Then reports came in saying that the United States had launched a rocket attack on Somalia in an attempt to kill a handful of suspected al Qaeda operatives. These reports were quickly followed by the news that no al Qaeda terrorists were actually killed and that the United States had assisted Ethiopia with ground troops.

Yglesias ponders the role of Lieutenant General William Boykin in this confusing turn of events. Boykin is a "mastermind of secret American special forces operations against suspected terrorists" and a Christian zealot, and was strangely fired shortly after the Somalia situation intensified. But that sort of speculation could be completely off-base: the real intrigue here is that no one has any idea what's going on. Here's Matt:

Boykin is, in short, exactly the sort of person who might think a Christmas-week invasion of Muslim Somalia by Christian Ethiopia backed by American special forces was a peachy idea whether or not it actually made sense on normal counterterrorism grounds. Maybe he just ordered this up while everyone was on vacation, only to get sacked as soon as his boss got back to work at the Pentagon. Or maybe Bush and his whole administration were on board after all. Nobody real knows.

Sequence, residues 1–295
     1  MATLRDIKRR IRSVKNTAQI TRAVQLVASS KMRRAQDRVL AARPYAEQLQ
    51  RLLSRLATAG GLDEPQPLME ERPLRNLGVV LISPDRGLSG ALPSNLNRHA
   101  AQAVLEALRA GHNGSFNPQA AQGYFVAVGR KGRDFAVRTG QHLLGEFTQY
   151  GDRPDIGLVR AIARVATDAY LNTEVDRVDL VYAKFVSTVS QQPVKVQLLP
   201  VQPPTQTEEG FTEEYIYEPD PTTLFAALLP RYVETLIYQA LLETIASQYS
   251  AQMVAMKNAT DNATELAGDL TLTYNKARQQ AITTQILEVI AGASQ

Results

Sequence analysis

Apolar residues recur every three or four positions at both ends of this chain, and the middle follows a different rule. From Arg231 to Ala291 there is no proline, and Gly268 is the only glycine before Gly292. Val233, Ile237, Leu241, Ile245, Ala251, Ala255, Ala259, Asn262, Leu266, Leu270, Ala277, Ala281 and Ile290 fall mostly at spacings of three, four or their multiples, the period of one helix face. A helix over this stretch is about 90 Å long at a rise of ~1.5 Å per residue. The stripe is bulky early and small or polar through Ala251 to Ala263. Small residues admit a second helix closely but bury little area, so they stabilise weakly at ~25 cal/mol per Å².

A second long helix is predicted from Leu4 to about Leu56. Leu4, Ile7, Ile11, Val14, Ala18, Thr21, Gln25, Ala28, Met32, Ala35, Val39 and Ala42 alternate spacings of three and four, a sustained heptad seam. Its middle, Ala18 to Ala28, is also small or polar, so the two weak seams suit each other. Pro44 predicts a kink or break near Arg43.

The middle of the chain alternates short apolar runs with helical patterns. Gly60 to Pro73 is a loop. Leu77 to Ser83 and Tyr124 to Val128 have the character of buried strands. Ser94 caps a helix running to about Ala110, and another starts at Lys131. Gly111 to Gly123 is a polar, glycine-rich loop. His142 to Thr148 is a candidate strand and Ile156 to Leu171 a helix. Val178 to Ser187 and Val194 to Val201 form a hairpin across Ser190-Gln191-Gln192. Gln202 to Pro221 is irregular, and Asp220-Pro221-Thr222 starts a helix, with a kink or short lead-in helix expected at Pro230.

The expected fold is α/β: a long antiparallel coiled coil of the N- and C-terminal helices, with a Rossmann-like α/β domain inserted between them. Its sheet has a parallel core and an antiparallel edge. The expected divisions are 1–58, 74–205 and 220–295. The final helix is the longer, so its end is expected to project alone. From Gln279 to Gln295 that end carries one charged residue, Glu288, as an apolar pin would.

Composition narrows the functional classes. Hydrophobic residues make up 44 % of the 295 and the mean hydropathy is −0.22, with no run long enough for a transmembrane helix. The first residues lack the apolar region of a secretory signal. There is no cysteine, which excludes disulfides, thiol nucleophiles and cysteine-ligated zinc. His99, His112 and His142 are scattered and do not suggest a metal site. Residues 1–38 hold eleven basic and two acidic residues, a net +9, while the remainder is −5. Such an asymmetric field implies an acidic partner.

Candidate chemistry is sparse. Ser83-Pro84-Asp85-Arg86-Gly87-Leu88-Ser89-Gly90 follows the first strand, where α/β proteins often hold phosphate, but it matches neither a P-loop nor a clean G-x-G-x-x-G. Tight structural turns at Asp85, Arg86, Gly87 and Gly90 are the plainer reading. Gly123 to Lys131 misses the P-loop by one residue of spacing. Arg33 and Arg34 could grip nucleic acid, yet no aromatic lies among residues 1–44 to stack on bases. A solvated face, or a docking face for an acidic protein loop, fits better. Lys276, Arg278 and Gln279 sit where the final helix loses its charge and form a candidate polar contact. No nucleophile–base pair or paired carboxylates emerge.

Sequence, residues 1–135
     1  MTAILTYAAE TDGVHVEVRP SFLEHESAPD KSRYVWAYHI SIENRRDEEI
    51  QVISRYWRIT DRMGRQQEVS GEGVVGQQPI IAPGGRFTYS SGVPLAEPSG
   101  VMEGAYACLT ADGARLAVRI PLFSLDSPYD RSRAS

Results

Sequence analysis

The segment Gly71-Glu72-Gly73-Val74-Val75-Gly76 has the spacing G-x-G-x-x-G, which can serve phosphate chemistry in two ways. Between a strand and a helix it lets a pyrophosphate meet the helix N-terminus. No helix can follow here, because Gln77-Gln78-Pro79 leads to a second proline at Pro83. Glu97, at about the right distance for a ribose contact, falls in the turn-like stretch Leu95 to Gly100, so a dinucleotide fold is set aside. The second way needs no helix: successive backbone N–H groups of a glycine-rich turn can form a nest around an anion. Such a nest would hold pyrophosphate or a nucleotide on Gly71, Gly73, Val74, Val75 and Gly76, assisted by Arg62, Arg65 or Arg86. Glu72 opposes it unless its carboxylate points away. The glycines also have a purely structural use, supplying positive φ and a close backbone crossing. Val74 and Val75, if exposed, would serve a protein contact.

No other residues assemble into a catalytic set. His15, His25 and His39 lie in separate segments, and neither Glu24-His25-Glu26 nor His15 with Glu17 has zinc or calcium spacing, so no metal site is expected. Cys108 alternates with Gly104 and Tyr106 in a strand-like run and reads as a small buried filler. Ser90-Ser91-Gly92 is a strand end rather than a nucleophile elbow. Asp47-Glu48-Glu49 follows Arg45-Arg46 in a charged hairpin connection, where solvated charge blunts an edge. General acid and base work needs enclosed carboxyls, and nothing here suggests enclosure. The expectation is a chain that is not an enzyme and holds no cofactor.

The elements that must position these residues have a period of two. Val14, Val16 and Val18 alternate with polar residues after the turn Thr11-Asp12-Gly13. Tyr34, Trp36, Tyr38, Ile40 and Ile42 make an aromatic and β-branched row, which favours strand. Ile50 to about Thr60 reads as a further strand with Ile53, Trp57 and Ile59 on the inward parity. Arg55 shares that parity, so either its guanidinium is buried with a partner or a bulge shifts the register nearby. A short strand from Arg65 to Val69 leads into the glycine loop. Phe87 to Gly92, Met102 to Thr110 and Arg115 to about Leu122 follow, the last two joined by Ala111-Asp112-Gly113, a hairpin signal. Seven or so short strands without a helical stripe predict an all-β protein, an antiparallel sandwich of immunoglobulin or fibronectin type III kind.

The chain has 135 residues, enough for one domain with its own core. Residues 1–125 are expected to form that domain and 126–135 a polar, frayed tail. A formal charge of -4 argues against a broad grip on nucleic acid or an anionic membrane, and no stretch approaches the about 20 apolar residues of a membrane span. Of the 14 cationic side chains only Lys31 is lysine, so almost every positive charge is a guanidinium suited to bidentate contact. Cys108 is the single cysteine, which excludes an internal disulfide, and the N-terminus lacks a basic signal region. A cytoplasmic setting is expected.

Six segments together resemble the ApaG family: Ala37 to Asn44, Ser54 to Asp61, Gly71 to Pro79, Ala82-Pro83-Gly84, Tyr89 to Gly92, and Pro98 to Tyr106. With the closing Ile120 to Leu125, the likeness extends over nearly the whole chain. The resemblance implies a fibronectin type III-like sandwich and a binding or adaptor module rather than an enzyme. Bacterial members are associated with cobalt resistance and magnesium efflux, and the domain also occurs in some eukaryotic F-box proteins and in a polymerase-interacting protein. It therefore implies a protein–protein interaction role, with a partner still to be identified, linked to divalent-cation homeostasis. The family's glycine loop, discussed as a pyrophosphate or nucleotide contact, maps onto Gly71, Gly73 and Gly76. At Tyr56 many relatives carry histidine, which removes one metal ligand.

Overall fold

And more to the point, nobody in Washington is talking about what we've actually done and why. Troops sent into Somalia to follow up on the AC-130 strike told The Washington Post that "no one can confirm a high-value target" was present at the scene. They did, however, find documents indicating that Aden Ayrow, not an al-Qaeda figure but a commander in the ICU military, had been there. The strike looks, in short, as if it was simply undertaken in support of Ethiopia's military adventure. Mogadishu is descending into chaos, with gun battles on the streets and predictable popular anger at the foreign invaders, their foreign backers (i.e., us), and their domestic puppets in the de jure government. An untold number of people have already been killed in the fighting, and many more are likely to die if Somalia devolves again into civil war, a situation that will only make the country more hospitable to al-Qaeda.